Botanic Society plans relaxation for mind, soul

Garden a retreat for community and tourists

By Kelsie O’Keefe
Mass Comm. Major

Photos by Amita Manandar



Visitors walk through the Garden of Mind and Soul plot.

The Northern Plains Botanic Garden Society is planning a relaxing community and tourist destination.

Sadafumi Uchiyama, garden curator of Portland, Ore., Japanese Garden and third-generation Japanese gardener, presented his plans for one section of the Botanic Garden called the Garden of Mind and Soul, on May 13 at the Northern Pacific Depot on Main Avenue in downtown Fargo.


Two acres of land have been designed for the Garden of Mind and Soul.

 

Garden reflects, connects

The Garden of Mind and Soul is a reflection of Japanese thought and style, depicting the beauty of nature through miniature to promote awareness of our existence as part of the environment.

“We’re dedicated to having a space where you do reconnect with nature,” says Botanic Society president Pegi Palmes. “(The Garden of Mind and Soul) is not a show piece…it’s something that you just go and you feel and be a part of, and boy, that’s so important.”

Promoting community

The Garden of Mind and Soul is just one of many garden sections in the Botanic Society’s Botanic Garden plans.

Founded 11 years ago by Dr. Chiwon Lee, a horticulture teacher at North Dakota State University, the Botanic Society aims to promote community through gardening.

The Society is attempting to establish and operate a botanic garden, conservatory and arboretum in Fargo.


Visitors try to spot letters in the Alphabet Garden.

 

The Botanic Society’s goals include:

  • Providing a quiet, meditative environment secluded from the outside world through use of Japanese gardening principles.
  • Creating a tourist and visitor destination.
  • Providing a venue for delegation trade meetings, public-at-large meetings, receptions, classes, weddings and other events.
  • Providing opportunities to exchange cultural information.
  • Displaying the economic significance of the present agricultural and product trade between the area and Japan.



A bench made from an old oak tree sits in the Woodland Garden.

The botanic gardens will spread across 52 acres of Fargo Park District-owned land along University Drive between 28th and 32nd avenues and to the north and east of Yunker Farm.

The Botanic Society has planned a 25-year outline to finish the gardens. A 10-year projected finishing date is planned for the two-acre Garden of Mind and Soul alone.

Japanese culture integrated

The Botanic Society hired Uchiyama to develop the plans for the Japanese garden to add the details that its members couldn’t, says Palmes.

Instead of trying to make a Japanese garden something that would seen in Japan, Uchiyama is focused on approaching the garden in a gentle way, integrating Japanese style with local plants and materials.

“It will be packaged in a way that will show how we relate to each other,” says Uchiyama.

According to the Botanic Society website, “the garden, while using design and construction principles of many Japanese gardens, applies an organic approach by use of indigenous, local materials to find the spirit of the site in a local context.”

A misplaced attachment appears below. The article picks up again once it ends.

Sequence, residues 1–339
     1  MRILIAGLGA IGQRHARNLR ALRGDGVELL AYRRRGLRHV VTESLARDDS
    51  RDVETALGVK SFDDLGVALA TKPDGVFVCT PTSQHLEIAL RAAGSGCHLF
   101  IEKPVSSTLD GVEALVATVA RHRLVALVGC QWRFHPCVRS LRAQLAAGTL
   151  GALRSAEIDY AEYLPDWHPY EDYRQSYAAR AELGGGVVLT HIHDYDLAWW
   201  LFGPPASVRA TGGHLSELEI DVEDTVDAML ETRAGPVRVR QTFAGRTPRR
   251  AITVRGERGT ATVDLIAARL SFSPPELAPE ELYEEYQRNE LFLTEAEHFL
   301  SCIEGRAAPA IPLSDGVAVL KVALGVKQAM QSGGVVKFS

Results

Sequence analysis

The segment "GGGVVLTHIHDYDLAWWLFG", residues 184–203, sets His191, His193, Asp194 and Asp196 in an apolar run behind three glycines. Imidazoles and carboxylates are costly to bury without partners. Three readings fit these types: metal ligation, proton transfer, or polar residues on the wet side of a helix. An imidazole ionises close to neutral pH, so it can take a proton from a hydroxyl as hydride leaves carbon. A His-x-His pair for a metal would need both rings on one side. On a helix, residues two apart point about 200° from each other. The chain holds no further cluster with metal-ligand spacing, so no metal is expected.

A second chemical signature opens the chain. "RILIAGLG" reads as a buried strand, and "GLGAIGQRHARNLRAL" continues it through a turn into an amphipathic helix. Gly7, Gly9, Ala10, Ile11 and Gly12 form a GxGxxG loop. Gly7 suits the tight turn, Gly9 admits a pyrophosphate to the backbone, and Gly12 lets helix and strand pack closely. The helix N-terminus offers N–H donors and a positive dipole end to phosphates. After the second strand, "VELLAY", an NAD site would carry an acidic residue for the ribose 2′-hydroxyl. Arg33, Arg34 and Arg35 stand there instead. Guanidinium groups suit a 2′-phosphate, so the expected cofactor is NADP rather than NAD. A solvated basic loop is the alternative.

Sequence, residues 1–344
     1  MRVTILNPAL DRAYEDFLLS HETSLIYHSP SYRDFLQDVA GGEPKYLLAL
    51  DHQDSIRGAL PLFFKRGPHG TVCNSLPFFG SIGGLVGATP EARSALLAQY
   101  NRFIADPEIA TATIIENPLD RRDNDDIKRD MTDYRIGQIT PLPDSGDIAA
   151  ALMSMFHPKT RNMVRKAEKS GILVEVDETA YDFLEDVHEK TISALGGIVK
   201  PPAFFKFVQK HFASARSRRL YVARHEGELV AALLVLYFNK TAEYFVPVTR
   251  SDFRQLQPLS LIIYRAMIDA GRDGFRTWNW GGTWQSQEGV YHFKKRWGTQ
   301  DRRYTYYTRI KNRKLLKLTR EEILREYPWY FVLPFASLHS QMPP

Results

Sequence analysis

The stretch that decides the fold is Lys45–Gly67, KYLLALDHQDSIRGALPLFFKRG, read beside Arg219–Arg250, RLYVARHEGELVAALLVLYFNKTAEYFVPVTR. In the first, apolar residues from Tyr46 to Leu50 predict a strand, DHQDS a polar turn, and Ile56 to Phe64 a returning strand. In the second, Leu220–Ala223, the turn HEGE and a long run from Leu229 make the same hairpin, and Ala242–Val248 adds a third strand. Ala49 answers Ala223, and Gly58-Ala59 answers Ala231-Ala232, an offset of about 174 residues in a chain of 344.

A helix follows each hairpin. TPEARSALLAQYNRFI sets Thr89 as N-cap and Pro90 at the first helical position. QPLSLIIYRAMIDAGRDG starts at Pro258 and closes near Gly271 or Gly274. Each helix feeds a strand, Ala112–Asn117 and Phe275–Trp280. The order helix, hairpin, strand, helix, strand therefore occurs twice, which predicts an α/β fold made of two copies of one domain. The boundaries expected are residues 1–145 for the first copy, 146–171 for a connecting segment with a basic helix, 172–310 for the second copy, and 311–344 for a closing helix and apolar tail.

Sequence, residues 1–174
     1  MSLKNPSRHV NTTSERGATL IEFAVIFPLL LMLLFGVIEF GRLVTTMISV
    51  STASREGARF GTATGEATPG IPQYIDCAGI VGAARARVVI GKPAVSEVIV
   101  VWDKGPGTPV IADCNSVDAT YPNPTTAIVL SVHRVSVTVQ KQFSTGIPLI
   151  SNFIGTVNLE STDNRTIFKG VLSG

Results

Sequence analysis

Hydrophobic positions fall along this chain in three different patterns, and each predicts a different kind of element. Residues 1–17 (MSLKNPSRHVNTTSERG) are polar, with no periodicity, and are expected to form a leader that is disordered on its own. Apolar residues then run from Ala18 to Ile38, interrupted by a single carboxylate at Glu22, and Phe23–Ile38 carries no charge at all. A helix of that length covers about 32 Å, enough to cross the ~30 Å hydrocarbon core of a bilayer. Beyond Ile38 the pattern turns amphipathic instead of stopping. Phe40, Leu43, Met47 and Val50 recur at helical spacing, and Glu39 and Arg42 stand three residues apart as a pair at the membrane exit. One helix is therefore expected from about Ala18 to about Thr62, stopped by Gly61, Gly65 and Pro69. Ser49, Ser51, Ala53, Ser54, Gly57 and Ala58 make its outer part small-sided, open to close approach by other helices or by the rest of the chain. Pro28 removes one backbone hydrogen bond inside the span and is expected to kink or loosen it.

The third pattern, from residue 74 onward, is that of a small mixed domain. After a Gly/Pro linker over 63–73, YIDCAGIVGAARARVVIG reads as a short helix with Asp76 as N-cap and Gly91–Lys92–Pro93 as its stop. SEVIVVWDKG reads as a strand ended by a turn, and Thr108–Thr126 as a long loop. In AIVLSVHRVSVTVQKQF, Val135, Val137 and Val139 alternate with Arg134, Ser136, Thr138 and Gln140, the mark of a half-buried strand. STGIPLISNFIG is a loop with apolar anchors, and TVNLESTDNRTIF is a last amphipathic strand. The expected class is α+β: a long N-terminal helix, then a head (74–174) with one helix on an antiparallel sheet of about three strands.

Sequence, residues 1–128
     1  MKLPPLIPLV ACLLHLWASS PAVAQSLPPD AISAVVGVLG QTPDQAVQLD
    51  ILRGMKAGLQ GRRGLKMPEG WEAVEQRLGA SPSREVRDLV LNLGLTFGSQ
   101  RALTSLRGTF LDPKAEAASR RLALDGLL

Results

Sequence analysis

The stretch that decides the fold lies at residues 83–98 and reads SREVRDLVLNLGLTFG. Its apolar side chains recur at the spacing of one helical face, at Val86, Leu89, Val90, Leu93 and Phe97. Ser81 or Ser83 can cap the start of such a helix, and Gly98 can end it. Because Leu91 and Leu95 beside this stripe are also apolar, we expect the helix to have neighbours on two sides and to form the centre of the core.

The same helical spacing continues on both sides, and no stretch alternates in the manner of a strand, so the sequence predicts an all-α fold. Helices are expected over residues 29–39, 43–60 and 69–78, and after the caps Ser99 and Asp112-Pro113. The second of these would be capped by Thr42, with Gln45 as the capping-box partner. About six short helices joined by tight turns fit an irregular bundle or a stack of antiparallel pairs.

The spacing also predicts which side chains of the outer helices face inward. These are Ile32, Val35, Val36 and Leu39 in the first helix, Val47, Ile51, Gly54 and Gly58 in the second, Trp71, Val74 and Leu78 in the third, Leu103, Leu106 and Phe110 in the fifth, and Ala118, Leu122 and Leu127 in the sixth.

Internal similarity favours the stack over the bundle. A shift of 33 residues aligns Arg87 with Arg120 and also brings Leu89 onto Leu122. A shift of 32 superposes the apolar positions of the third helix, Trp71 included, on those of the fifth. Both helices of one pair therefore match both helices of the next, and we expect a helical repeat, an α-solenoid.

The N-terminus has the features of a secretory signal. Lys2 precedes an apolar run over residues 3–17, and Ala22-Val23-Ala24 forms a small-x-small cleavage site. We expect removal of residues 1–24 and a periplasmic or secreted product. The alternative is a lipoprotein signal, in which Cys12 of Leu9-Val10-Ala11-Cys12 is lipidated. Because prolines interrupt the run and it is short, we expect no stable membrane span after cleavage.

Seedlings are sprouting in logs throughout the botanic gardens.


Space supports activity

Uchiyama has planned the space to support maximum activity use.

“(The garden) has to be connected to the people,” says Uchiyama. “Meaning people have to be there and enjoying themselves.”

The pavilion alone is planned to hold 150-200 people, aimed at providing a space for weddings and other celebrations.

Other Garden of Mind and Soul features include a waterfall, island, indoor garden, zig-zag bridge and flowering trees among many more.


A bulldozer sits, waiting to begin construction on the Garden of Mind and Soul.



Volunteers, admirers welcome

The garden construction and planting will be mostly funded by grants and donations, according Palmes.

Volunteers are always welcome at any stage of the construction. Eventually, the society will need to hire staff, says Palmes, but volunteers will always be needed.


The Gladiola Garden is among many that are ready for viewing, though visitors are welcome to walk along the entire area. 



Many gardens are already underway and ready for viewing including a rain garden, butterfly garden, alphabet garden and woodland garden that features a fairy garden hidden amongst the foliage.

“We are a destination now,” says Palmes.


Ruth Morton plants flowers in the Woodland Garden. Morton has been volunteering at the Botanic Society Gardens for two years.

 

There are a number of outdoor botanic gardens outlined in future plans including:

  • Rose garden
  • Sensory garden
  • Rock garden
  • Herb/Knot garden
  • Community garden
  • Children’s garden
  • Vegetable garden
  • Native plants


To volunteer or donate, visit the Botanic Society website at
http://npbgs.tripod.com and become a part of something that will last for lifetimes to come.
 

 
A weed growing in The Garden of Mind and Soul plot, soon to be plucked as construction begins.

 

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